It is a good idea to have a credit card on hand in order to make emergency payments that you can’t otherwise afford, or to build up your credit rating. Banks in Australia offer the same major credit cards that are available in most countries throughout the world, including MasterCard, Visa, and American Express. They also provide new “contactless” cards, which make it possible for you to buy inexpensive items without needing to enter a PIN number or leave a signature.

Of course, if you are planning to make a larger purchase, it is usually a better idea to take out a loan instead. The interest rates are lower, meaning that the costs are also lower in the long run. If you have enough evidence that you will be able to pay off your loan, there are some banks that will approve you on the same day that you apply.

If you are a new migrant to Australia then you should seek the help of a professional mortgage broker before you take on the commitment of a loan. Borrowing money in a new country is an entirely new ball game, so you need to get advice to avoid making any mistakes.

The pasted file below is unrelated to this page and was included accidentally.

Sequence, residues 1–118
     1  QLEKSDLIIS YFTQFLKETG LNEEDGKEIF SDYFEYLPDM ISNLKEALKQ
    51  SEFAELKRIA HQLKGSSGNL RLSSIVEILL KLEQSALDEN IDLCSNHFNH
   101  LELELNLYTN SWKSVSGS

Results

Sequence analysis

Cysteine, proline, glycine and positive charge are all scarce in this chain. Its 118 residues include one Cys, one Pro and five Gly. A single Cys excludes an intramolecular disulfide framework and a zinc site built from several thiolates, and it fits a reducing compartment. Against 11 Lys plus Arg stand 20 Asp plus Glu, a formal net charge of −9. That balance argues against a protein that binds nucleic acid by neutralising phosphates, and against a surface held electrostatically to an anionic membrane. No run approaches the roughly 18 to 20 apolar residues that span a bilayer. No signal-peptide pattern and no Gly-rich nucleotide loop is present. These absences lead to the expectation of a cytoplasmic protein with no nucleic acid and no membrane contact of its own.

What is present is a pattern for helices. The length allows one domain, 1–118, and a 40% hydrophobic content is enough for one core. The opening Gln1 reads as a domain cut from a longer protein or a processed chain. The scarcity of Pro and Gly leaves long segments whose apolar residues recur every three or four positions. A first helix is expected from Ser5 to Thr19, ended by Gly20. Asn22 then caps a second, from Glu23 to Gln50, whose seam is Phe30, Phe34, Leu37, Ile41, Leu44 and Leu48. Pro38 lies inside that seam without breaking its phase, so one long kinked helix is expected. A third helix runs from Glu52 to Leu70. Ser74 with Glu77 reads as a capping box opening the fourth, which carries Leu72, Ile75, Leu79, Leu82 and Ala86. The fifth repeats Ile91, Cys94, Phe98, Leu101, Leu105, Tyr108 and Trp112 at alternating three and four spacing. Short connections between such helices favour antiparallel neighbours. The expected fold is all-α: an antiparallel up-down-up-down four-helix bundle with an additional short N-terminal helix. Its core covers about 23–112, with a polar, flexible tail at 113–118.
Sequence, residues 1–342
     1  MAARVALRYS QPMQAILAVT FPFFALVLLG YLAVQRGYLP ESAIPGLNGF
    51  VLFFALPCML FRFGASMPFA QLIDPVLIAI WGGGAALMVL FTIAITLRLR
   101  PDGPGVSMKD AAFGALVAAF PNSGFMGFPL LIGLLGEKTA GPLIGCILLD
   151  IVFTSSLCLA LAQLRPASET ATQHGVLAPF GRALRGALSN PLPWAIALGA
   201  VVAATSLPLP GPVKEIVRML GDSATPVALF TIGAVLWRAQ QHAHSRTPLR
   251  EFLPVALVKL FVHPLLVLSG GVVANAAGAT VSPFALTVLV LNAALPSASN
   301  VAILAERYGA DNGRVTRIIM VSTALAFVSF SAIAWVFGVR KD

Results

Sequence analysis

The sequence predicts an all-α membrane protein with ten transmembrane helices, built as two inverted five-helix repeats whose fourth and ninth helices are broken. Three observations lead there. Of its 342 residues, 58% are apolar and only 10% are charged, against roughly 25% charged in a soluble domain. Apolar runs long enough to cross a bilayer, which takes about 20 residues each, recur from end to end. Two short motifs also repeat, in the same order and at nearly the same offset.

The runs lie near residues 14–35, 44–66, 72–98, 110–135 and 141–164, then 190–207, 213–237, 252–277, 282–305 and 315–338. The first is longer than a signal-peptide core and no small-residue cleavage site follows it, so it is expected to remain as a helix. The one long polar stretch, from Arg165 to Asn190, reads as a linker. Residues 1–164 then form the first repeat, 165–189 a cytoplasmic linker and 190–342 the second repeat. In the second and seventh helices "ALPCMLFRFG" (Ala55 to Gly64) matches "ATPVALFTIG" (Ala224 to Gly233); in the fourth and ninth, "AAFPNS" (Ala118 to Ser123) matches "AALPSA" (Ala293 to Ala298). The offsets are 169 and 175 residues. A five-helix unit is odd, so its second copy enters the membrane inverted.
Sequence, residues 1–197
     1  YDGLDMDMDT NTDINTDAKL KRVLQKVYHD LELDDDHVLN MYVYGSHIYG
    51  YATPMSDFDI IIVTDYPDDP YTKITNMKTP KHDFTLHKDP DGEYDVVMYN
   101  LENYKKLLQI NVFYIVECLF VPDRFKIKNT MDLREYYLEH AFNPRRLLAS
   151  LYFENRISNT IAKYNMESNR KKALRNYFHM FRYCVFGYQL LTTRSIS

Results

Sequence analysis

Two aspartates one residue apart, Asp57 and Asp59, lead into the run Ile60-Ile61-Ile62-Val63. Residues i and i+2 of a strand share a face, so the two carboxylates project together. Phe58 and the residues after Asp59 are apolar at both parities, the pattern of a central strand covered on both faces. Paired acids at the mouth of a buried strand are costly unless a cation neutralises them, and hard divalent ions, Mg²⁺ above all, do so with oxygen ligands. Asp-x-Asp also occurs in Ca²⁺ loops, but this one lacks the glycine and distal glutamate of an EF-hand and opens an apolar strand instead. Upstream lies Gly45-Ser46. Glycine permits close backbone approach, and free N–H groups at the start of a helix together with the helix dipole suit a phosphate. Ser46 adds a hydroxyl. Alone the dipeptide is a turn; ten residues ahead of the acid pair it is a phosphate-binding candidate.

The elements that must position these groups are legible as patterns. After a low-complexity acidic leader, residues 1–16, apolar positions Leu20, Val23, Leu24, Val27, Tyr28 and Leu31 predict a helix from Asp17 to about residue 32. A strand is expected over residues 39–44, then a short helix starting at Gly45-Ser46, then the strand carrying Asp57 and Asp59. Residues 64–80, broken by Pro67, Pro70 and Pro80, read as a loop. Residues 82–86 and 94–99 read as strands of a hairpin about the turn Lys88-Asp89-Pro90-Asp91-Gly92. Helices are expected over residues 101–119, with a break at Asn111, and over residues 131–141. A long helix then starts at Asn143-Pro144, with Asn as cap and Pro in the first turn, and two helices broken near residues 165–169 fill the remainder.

Family Pledge Mortgages

April 22nd, 2011 2 Comments
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If your financial history does not allow you to receive approval for a home loan on your own, you might have more luck if you take advantage of the power of family pledge mortgages. This is when a family member agrees to offer support for your loan by putting up equity in their own property or providing income assistance. This can also be beneficial for people who want to apply for a loan on a home that is too expensive for them to apply for under normal circumstances.

Reasons Why You Might Want to Apply

  • If you have children who are buying a home, they may be limited in the size of a loan that they can apply for. This could be because of their income, or it might be because of the size of their deposit. Relatively small deposits also mean higher interest rates and lender’s insurance.
  • You may want to help your children buy a property now, rather than forcing them to wait until they can save up a large enough deposit.
  • You may have children who don’t have enough money to buy an expensive home now, but they are in a field where it makes sense to think that their income will continue to grow.

Equity Support